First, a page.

Movie Of The Month by JB Kaufman

Torch Singer (1933)

August, 2021

Paramount, 1933. Directors: Alexander Hall and George Somnes. Screenplay: Lenore Coffee and Lynn Starling, based on a story by Grace Perkins. Camera: Karl Struss. Film editor: Eda Warren. Cast: Claudette Colbert, Ricardo Cortez, David Manners, Lyda Roberti, Baby LeRoy, Charley Grapewin, Sam Godfrey, Florence Roberts.
            In an earlier installment of this column I observed an odd facet of Claudette Colbert’s movie-star legacy: she is one of the most fondly remembered stars of Hollywood’s golden age, but an outsize proportion of her reputation is based on only one of her films. Frank Capra’s It Happened One Night is undeniably an established classic, and I love it as much as anyone, but Colbert’s stellar performance in it is only one of many that she essayed in films of the mid-1930s—mostly at her home studio, Paramount Pictures. Indeed, her loanout to Columbia to appear in Capra’s film was viewed at the time as, at most, a minor interlude between her really important assignments at Paramount.
            One of her best Paramount vehicles was Torch Singer, released in September 1933 (shortly before that Columbia loanout). Colbert’s range as an actress is on full display in this film; her character travels a wide arc in the course of eight reels. We first see her down and out, as a single mother giving birth in a charity hospital, and afterward struggling to provide for herself and her daughter. Beaten down by poverty, she is forced to give up the child for adoption. But then her fortunes take a turn: she finds work as a singer, her reputation continues to spread, and ultimately she achieves widespread fame as a torch singer, surrounded by wealth and the trappings of success. If only she could find her daughter again …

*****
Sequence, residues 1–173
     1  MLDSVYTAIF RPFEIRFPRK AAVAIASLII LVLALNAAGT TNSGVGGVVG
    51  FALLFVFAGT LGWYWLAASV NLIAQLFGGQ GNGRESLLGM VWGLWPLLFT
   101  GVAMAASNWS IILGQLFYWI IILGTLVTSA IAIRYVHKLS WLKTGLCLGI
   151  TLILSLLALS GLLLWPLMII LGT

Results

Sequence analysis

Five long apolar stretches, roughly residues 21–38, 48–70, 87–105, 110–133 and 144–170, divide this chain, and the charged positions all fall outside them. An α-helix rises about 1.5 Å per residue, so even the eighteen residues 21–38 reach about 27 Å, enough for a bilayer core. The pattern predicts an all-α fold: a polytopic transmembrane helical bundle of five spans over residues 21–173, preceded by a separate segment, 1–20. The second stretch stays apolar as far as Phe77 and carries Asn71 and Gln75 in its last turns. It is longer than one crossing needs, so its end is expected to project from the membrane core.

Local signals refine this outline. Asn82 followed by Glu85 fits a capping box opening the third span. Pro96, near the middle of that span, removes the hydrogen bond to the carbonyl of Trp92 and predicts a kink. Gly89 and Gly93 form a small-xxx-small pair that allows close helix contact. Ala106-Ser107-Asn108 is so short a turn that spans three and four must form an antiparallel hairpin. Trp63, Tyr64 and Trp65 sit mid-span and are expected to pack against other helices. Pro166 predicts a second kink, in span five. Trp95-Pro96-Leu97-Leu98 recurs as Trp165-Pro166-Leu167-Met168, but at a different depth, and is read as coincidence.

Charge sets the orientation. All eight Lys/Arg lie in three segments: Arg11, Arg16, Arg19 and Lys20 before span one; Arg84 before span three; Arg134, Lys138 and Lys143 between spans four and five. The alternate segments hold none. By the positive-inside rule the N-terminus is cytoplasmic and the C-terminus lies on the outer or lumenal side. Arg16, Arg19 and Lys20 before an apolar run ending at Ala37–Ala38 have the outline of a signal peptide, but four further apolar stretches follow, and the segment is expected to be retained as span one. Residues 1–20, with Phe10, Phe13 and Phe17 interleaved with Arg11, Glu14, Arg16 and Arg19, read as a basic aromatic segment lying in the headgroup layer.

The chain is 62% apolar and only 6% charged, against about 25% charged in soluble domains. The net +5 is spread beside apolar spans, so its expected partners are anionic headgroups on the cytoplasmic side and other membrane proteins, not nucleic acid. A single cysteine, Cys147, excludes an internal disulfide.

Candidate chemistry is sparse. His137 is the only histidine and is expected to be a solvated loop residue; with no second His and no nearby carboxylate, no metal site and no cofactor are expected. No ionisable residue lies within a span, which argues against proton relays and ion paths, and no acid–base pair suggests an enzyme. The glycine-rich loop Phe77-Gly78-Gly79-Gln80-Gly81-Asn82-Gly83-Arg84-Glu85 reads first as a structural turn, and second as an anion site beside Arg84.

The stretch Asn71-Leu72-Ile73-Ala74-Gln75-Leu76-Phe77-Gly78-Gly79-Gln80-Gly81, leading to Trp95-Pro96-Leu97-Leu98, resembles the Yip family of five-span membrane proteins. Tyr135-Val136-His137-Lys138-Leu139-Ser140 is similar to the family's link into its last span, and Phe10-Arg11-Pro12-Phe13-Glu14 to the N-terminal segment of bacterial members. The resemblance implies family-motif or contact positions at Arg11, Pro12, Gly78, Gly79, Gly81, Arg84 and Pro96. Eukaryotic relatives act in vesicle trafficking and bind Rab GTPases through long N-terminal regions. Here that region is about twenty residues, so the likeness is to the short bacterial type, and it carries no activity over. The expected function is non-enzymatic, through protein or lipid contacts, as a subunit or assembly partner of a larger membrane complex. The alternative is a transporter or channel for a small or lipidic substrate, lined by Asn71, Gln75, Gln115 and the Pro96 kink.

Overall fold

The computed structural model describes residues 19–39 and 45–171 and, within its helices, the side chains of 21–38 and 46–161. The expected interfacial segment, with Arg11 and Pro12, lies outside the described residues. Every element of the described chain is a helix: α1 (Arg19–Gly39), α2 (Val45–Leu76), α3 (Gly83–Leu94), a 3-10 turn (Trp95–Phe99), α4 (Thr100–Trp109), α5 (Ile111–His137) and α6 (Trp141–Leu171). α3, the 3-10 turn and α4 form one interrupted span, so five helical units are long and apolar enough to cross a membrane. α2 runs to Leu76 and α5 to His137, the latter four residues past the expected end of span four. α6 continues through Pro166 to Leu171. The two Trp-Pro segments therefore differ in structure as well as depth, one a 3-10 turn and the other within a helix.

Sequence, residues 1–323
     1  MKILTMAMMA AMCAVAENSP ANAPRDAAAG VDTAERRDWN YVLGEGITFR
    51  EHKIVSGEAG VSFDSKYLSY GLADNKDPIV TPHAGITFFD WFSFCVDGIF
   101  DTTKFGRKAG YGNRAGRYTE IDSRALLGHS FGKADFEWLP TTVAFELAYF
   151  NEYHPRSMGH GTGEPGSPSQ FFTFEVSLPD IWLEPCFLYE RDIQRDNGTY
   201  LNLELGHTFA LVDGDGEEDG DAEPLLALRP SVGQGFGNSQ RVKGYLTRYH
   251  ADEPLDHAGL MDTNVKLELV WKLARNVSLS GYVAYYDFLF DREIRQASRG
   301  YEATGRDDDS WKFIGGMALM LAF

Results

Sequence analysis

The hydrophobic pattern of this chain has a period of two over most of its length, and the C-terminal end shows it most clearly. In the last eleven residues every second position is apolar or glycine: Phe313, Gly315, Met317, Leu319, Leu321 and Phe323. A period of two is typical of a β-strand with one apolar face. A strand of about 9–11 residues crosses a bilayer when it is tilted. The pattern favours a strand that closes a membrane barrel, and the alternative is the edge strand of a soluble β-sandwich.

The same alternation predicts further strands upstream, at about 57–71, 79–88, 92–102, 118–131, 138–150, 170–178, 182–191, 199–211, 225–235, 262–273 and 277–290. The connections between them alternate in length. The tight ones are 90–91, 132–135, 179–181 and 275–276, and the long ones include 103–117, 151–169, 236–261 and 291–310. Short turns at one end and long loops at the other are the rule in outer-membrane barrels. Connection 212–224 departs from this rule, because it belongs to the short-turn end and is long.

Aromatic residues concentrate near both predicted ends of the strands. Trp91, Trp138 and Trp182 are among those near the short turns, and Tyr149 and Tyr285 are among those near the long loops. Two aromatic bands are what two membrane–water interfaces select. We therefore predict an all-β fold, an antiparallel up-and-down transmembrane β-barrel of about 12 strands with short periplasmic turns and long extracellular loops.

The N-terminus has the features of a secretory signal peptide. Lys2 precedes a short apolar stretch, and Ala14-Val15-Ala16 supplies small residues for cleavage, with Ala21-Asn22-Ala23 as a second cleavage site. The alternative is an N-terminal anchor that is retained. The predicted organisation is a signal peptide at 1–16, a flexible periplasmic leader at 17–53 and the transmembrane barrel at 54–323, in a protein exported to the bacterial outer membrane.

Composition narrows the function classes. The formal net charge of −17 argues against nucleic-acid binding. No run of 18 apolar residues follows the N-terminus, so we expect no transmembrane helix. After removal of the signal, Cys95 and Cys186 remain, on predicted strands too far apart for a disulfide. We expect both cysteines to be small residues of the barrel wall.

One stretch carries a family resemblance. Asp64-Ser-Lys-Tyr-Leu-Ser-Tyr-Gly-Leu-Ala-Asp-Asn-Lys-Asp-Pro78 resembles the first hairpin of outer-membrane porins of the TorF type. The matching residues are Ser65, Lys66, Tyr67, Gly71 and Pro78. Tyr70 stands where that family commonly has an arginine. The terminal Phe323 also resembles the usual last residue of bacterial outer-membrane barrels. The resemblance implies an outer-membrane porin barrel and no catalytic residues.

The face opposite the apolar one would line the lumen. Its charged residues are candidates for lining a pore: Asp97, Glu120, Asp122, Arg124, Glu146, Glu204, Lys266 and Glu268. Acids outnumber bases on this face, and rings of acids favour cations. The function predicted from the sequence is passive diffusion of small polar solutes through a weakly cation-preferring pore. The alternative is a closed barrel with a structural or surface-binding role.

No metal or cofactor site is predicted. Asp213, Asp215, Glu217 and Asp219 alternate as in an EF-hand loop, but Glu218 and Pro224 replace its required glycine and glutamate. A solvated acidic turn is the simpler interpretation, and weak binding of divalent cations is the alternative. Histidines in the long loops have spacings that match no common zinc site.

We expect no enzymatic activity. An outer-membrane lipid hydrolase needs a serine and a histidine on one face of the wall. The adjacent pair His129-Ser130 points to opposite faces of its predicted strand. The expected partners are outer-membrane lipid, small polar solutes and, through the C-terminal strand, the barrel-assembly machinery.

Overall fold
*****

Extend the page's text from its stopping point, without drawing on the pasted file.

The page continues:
Reduced to its bare bones, the story is frankly sentimental melodrama, and the film could easily have plunged into embarrassing bathos. That it doesn’t—that it emerges as intelligent, compelling entertainment—is a tribute to the skill of the filmmakers, and in particular to Colbert’s performance. She offers a nuanced portrait of the central character, who matures through her trials. At the height of her fame she retains a kind, generous spirit; but when the baby’s father unexpectedly reappears in her life, she also reveals a hard, bitter streak of cynicism. As in so many of Colbert’s other films, the character is elevated by the inner intelligence and integrity of the actress herself. And as a bonus, her performance scenes reveal that she really can sing! The warm, rich voice we hear on the soundtrack is clearly her own, and makes her character's rise to singing fame entirely credible. And although the film is not strictly a musical, Paramount’s in-house songwriters Ralph Rainger and Leo Robin rise to the occasion with a repertoire of songs for her. One number in particular, an authentic torch song titled “Give Me Liberty or Give Me Love,” went on to become a hit song in its own right, apart from the film.
            Along with Colbert’s exceptional performance, Torch Singer offers additional cast members of note. During the early hospital scenes Colbert is befriended by, and later rooms with, a fellow single mother played by Lyda Roberti. Comedy enthusiasts who know Roberti’s wild, irrepressible persona from films like The Kid from Spain and Million Dollar Legs, and a series of short comedies for Hal Roach, will be intrigued to see her relatively restrained—for her—performance in a dramatic role. And they will not fail to notice her baby son, played by none other than Baby LeRoy, who was bedeviling another Paramount contractee, W.C. Fields, in some of his films around the same time.
            Released in 1933, Torch Singer is a pre-Code film, a term which, as I’ve remarked elsewhere, is widely misunderstood today. Like many pre-Codes, it offers nothing particularly “shocking” in its entire running time, but does honestly acknowledge the hard realities of American life during the Depression. (Colbert’s character is repeatedly referred to as a “notorious torch singer,” but any moral turpitude on her part is merely implied, takes place offscreen, and in any case is more than offset by the innate decency Colbert herself projects in the role.) Also like many pre-Codes, it is firmly rooted in its own time, yet offers an occasional moment that seems equally timely in today’s world. Not the least of these occur during Colbert's early scenes with her baby daughter, in which she reflects on the social injustices inflicted on women. In the hospital, presented with the newborn infant, she murmurs, “Why couldn’t you have been a boy? This world is such a tough place for a girl to come into.” Later, forced to give up her daughter for adoption, she bids her a tearful goodbye. “Don’t ever let any man make a sucker out of you,” she tells the child. “Make them know what you’re worth.”

J.B. Kaufman